Scientific research has now proven that the human brain can make new neural connections throughout life; however, this does not cancel out the importance of safeguarding healthy brain development during the childhood and teenage years. Adolescents and teens who take in substances — including alcohol, prescription or street drugs — can negatively affect neural development and brain function throughout their life. In fact, use of substances can artificially alter which brain areas are over- or under-utilized. This is especially true in the adolescent brain. Today’s best practices in adolescent and teen drug treatment protocols have developed out of this understanding of these years as critical for brain health and development.

“The neuroscience of the mind” is an area of scientific research that is just now beginning to yield rich and vital insights into the nature of brain chemistry, function, plasticity (ability to adapt to injury) and more. These insights are now affecting how drug treatment is administered, monitored and maintained. For instance, through brain research scientists and treatment professionals now know much more about how drugs interact with various brain systems, including the so-called “reward system,” which is the part of the brain where drug cravings are introduced and reinforced. This research is changing how addicts are treated over the short and long term.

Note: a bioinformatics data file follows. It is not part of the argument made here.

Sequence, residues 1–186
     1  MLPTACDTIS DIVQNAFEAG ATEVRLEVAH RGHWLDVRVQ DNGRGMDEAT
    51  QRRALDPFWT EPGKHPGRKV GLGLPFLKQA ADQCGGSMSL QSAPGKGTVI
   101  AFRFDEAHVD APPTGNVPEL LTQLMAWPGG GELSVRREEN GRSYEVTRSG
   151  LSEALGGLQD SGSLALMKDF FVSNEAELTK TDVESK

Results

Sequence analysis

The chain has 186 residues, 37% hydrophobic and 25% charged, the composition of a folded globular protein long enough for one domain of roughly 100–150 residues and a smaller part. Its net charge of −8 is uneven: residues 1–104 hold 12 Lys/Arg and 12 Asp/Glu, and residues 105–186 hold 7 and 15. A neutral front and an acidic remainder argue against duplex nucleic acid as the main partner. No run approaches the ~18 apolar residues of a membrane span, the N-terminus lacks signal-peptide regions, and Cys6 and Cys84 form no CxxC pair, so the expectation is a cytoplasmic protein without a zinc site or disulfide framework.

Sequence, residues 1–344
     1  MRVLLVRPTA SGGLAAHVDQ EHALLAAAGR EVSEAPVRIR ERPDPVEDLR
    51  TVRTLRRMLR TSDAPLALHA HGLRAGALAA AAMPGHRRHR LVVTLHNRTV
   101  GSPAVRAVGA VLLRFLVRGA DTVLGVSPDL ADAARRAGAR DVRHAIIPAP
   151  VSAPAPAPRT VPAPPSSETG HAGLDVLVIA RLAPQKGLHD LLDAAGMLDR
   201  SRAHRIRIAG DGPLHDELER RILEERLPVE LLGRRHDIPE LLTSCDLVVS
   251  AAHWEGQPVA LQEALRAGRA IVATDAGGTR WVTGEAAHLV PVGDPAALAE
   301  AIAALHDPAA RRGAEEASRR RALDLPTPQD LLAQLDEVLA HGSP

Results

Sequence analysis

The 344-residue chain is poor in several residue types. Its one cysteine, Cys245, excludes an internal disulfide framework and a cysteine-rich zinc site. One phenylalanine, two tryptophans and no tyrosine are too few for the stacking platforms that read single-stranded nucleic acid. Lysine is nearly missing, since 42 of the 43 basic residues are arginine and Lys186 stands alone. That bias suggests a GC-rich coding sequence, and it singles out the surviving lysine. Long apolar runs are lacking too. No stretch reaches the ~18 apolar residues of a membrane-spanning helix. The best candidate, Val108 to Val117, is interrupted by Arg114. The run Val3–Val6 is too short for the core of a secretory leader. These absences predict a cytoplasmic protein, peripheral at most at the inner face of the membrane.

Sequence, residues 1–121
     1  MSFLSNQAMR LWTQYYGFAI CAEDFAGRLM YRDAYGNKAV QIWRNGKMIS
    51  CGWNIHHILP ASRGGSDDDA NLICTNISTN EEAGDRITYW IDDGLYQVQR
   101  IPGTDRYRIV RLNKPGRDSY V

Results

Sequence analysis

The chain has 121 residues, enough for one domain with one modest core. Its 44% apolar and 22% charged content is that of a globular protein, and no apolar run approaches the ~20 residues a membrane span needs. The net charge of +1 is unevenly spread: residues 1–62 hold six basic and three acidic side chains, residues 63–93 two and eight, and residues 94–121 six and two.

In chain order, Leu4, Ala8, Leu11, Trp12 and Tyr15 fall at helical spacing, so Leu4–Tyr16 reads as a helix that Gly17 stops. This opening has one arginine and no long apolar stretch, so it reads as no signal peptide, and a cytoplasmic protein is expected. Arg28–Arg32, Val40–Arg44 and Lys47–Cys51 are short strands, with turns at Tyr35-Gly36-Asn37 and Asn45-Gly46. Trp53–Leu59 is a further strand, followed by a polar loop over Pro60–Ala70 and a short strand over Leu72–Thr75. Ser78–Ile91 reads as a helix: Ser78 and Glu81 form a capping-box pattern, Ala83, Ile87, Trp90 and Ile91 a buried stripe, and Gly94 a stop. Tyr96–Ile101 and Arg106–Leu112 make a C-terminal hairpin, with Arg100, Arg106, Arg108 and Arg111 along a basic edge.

When you think of an alcoholic, you think of someone unable to hold down a job, finish their education or maintain a relationship because their drinking gets in the way. You may think of someone whose drinking causes frequent legal problems, or someone who experiences physical withdrawals if they try to stop drinking for even a day.

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Even today, alcoholism remains a widely misunderstood disease. The proliferation of common myths about the causes, nature and treatment of alcoholism only makes it harder for people suffering from addiction to alcohol to get the help they need. If you or someone you love is struggling with alcoholism, you need to know the truth behind these common alcoholism myths.

Alcoholism doesn’t just affect the person suffering from the addiction. It affects everyone close to that person. By helping your alcoholic family member overcome their alcoholism, you can help your whole family heal from the wounds of addiction.
But how can you help your alcoholic relative? Your loved one is probably in denial about their drinking problem and might even get defensive or combative when the subject comes up. Here are some tips to help you confront your alcoholic relative and support their recovery from alcoholism.